Francis Bowling & Clarissa Gardiner v. David Atkins. Bills of Exceptions


Gardiners administrators
David Atkins


1st Bill of Exceptions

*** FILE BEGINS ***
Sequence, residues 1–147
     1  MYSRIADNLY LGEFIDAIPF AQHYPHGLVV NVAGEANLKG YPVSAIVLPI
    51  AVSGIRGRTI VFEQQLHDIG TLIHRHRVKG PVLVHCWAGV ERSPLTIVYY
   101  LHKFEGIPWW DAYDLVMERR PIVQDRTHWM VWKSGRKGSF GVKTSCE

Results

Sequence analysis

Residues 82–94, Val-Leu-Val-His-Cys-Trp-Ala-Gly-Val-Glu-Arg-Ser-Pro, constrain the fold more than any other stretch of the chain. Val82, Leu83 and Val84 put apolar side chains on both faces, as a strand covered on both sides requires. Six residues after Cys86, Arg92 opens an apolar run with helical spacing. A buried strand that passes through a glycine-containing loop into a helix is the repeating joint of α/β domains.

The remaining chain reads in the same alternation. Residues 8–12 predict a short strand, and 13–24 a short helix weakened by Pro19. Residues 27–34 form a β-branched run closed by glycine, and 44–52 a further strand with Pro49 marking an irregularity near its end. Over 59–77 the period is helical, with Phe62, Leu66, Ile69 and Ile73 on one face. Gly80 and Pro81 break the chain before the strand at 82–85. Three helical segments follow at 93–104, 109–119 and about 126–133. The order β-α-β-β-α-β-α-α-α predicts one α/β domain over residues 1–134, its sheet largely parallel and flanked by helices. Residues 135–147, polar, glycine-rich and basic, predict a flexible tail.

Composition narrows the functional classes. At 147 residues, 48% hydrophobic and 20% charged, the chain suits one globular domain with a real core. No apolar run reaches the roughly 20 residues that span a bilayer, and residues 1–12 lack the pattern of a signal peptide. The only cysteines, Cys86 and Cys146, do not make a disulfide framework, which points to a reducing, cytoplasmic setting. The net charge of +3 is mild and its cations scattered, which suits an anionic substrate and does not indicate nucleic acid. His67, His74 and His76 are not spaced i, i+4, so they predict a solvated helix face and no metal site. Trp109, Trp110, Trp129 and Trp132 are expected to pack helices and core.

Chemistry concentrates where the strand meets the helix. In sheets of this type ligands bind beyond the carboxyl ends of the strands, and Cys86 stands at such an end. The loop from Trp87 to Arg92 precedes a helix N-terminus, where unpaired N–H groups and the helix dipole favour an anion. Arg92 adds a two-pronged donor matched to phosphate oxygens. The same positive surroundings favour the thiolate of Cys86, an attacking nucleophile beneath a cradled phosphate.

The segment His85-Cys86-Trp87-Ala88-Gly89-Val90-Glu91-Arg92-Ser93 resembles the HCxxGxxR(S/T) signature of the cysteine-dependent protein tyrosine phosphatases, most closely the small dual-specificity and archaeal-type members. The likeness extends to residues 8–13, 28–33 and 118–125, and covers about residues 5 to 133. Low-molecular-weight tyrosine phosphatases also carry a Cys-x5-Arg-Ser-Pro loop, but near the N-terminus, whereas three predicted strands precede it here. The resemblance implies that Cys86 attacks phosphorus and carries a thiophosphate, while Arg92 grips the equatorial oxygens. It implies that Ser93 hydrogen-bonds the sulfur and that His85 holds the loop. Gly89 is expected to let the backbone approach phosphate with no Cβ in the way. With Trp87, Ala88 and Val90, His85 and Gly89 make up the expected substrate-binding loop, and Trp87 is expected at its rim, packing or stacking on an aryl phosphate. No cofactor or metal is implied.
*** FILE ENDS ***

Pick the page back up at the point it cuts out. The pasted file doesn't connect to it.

At the trial of this cause the Plaintiff to sustain the issues on their part joined gave evidence lending to prove that the negroe woman named Matilda, mentioned in the deceleration in this case, was sold & conveyed to Richard B. Gardiner their intestate, by one Schell on the 15th August 1822 (prout the bill of sale of that date, & that said negroe woman was in the possession of Edward Semmes in Washington City District of Columbia, for many years before the year 1827 1827 & that the other negroes named in the declaration were the children of said negroe woman named Matilda, & were born since 1822, the Defendant then gave evidence upon the cross examination of the Plaintiffs witnesses to show that the said Matilda from the Spring of 1827[?] cohabited with the Defendant as his wife & acted & passed as a free woman from some time in the year 1826   2) or 1827 to the present time unmolested by said Semmes or the plaintiffs intestate or the plaintiffs until the year 1833. That during that time she bore & she & her husband maintained the Defendant cohabiting as aforesaid maintained the children in the deceleration mentioned & in that year the said woman & her said children still living with said Defendant, the said Sims was called on after the death of the Plaintiffs intestate & on the part of the Plaintiffs to know what had become of said of the said woman & her children with a view of putting them on their inventory of their intestate's estate (they having administrated in Maryland where they & their intestate resided) & that thereupon said Sims produced the letter from Plaintiffs intestate dated 20th February 1827 (prout the same) authorising him to set the said woman free in his the said intestates name, & then de the said Sims then declared that he had set free the said woman & her children & that this statement of said Sims was communicated to Pltffs intestate shortly afterwards, who acquiesced in the same until within the last two years when they discovered were informed that the said Sims   had not executed any deed of manumission of said woman & her children but had sold the said woman & one of her children but had sold the said woman & home of her children in the year 1836 to the Defendant & had retained in his possession the two eldest children of said Matilda claiming them as his slaves & that the said woman & her said slaves children were not included in the inventory of said intestates estate in consequence of the statement made as aforesaid by said Sims. And the Defendants counsel on offering the above proof stated to the Court & Jury that the Defendant confined his defense solely to the proof above given of the said negroes being free in consequence of the letter of said intestate & the said negroes passing as free as aforesaid & so continuing unclaimed & unmolested from 1826 or 1827 to 1840 as aforesaid & that they did not claim their freedom in any other way or any under any under any other title or right whatsoever under the [illegible] offered in evidence by Pltffs as aforesaid or either of them[?] or under any title[?] of said [illegible] The plaintiffs then gave evidence tending to prove that their intestate Gardiner resided in Charles County Mary land where he died in 1832 & that the plaintiff also reside in said county when they administered on said Gardiners estate   4) (prout the letters of administration), and the plaintiffs gave evidence tending to prove that the Defendant acknowledged he has bought the woman Matilda & her son George from the said Sims (a) & farther read in evidence to the Jury from the records of Washington County in the District of Columbia the record of a bill of sale from the said Sims to the Defendant dated 19th May 1836 (prout the same) & also read in evidence to the Jury the record of a deed) And the Plaintiffs for the purpose of rebutting the testimony offered & given on the part of the Defendant in regard to the passing of the said negroes as free as aforesaid read in evidence previous to the year 1836 & for the purpose of shewing that the Defendant claimed the said Matilda & her son George by purchase from said Sims in 1836 read in evidence to the Jury from the records of Washington County in the District of Columbia, the record of a bill of sale from said Sims to the Defendant dated 19th May 1836 (prout the same) ⌖ & for the purpose aforesaid of rebutting the evidence on the part of the Defendant in regard to said also read in evidence from the records ⌖ And for the purpose of rebutting the evidence on the part of the Defendant as to said negroes passing as free during the time aforesaid   5) aforesaid the record of a deed of manumission by the Defendant dated 23rd May 1836 (prout the same) & farther gave evidence tending to prove that the said Sims about     years ago shortly after the date of said bill of sale took into his possession the two Norah eldest children of said Matilda named Norah & in the year 1840 took Alfred the next oldest child & has ever since kept them in servitude, the said Norah being now about 14 years old & the said Alfred being about Eleven years old which children are not [illegible] in this suit And the plaintiffs further affirmed to read in evidence for the purpose of explaining the character of [strikethrough] said Sims possession, the following letters of said Sims to their intestate written at their respective dates but to the reading of said viz a letter dated 27th Aug. 1822, a letter dated 15th Dec. 1824 & one dated 8th Jany 1825 (prout the letters) but the Defendant by his counsel objected to the reading in evidence of said letters or any of them & the Court refused to permit the said letters or any of them to be read to which refusal of the Court the Plaintiffs except & this their bill of exceptions   6 and the Deft. further offered in evidence [strikethrough] to shew that the said Matilda was married to the Deft and when the said marriage took place the following marriage certificate (here insert it) which was admitted to have the same effect as if the Revd Mr Lucas was duly sworn as a Witness & testified to offered to testify to the same facts. To the admission of which evidence the Pltfs counsel objected, but the Court overruled the said objection, & allowed the said Evidence, to which the Pltfs except.